18-05-2018

Art, desert and photography: a visual narrative of West Texas

Craig Washburn,

Photography,

Craig Washburn's photographic reportage explores the different facets of West Texas, from its rugged landscape to the eclectic communities who live there.



Art, desert and photography: a visual narrative of West Texas Craig Washburn's photographic reportage explores the different facets of West Texas, from its rugged landscape to the eclectic communities who live there.


Texan photographer and reporter Craig Washburn tells the story of West Texas, a little-known part of his country, in the middle of the desert, which he calls “another world”.  Quite incredible landscapes with harsh terrain and inhospitable geography, which since the 1970s have formed the backdrop for a lively artistic activity that attracts tourists from all over the world.

Washburn begins his narrative with his shots of Big Bend National Park, a magical place where nature reigns supreme, carving rocky outcrops, barren expanses and mountains with a raw, sharp beauty.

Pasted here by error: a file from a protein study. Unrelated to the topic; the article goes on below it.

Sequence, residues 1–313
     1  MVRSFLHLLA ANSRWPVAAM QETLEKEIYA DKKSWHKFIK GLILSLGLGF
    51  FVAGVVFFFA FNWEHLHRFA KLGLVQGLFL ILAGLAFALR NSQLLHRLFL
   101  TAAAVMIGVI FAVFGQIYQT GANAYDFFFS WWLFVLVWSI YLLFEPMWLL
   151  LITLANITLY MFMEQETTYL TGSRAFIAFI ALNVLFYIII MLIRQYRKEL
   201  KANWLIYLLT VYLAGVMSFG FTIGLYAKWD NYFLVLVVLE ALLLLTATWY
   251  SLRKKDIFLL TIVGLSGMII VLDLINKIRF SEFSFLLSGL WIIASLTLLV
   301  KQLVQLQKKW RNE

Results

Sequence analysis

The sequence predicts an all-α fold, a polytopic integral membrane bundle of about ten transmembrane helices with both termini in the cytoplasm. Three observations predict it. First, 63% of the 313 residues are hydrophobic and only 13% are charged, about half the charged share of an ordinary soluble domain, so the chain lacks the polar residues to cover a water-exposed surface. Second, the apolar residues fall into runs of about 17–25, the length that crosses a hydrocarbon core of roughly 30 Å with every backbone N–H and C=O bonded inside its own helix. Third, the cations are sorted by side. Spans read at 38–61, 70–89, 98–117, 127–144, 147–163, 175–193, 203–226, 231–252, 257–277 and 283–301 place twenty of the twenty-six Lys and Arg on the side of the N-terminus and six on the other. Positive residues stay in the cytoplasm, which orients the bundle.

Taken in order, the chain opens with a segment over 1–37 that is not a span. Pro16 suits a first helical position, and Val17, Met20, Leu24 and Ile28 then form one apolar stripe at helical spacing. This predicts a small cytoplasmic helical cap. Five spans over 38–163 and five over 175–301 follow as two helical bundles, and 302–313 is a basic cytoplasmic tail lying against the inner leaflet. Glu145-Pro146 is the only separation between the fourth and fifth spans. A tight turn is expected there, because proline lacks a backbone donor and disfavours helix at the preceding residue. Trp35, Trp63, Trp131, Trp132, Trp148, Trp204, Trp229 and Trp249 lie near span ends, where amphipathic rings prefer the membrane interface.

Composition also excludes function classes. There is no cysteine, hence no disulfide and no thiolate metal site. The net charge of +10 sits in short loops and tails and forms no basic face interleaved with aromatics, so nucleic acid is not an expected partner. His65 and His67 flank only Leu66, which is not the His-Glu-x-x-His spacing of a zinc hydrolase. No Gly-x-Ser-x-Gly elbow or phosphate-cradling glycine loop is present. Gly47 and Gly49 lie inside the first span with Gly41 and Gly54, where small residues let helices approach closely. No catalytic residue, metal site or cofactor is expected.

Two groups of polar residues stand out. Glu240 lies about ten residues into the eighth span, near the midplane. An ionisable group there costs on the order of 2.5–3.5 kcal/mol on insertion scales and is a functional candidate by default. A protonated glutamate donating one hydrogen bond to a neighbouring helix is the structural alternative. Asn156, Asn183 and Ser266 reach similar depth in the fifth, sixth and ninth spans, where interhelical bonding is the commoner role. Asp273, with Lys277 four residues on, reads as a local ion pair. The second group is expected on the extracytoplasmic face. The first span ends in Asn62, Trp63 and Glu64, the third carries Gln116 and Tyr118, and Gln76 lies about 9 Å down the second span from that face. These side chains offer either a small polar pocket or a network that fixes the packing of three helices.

Washburn's lens then focuses on places with a bizarre charm, that still survive in a kind of limbo between past and future. The small town of Marfa is a real art oasis, the desert setting the scene for eccentric artworks immersed in the landscape. From the time the artist, Donald Judd arrived here in the ’70s to the most recent Prada store that never opens, a permanent installation created in 2005 by the duo Michael Elmgreen and Ingar Dragset, and a drawcard for art-loving tourists. 

Marfa also shows the signs of World War 2, when linguists studied Russian here. You can even see a communist-era school, complete with desks and Cyrillic textbooks, which look as if they've ended up in this part of the world by chance. 
Heading further into the desert, he arrives at Terlingua, an even smaller, more isolated township. Hours away from any sign of civilisation, this almost ghost town is home to an eclectic mix of people. Manifesto of this social liveliness is Kathy's Kosmic Kowgirl Kafe, a shocking pink food van on the edge of town, where the extravagant tales of locals are the order of the day. 

With West Texas, Craig Washburn describes a magical, complex equilibrium. The isolation of these arid, remote lands has given way to true artistic freedom for the people who live there. Therefore, here art, stripped of the chaos of cities, becomes one with this desert in the middle of nowhere, telling the story to visitors who come from all over the planet to explore it. 

Barbara Esposito

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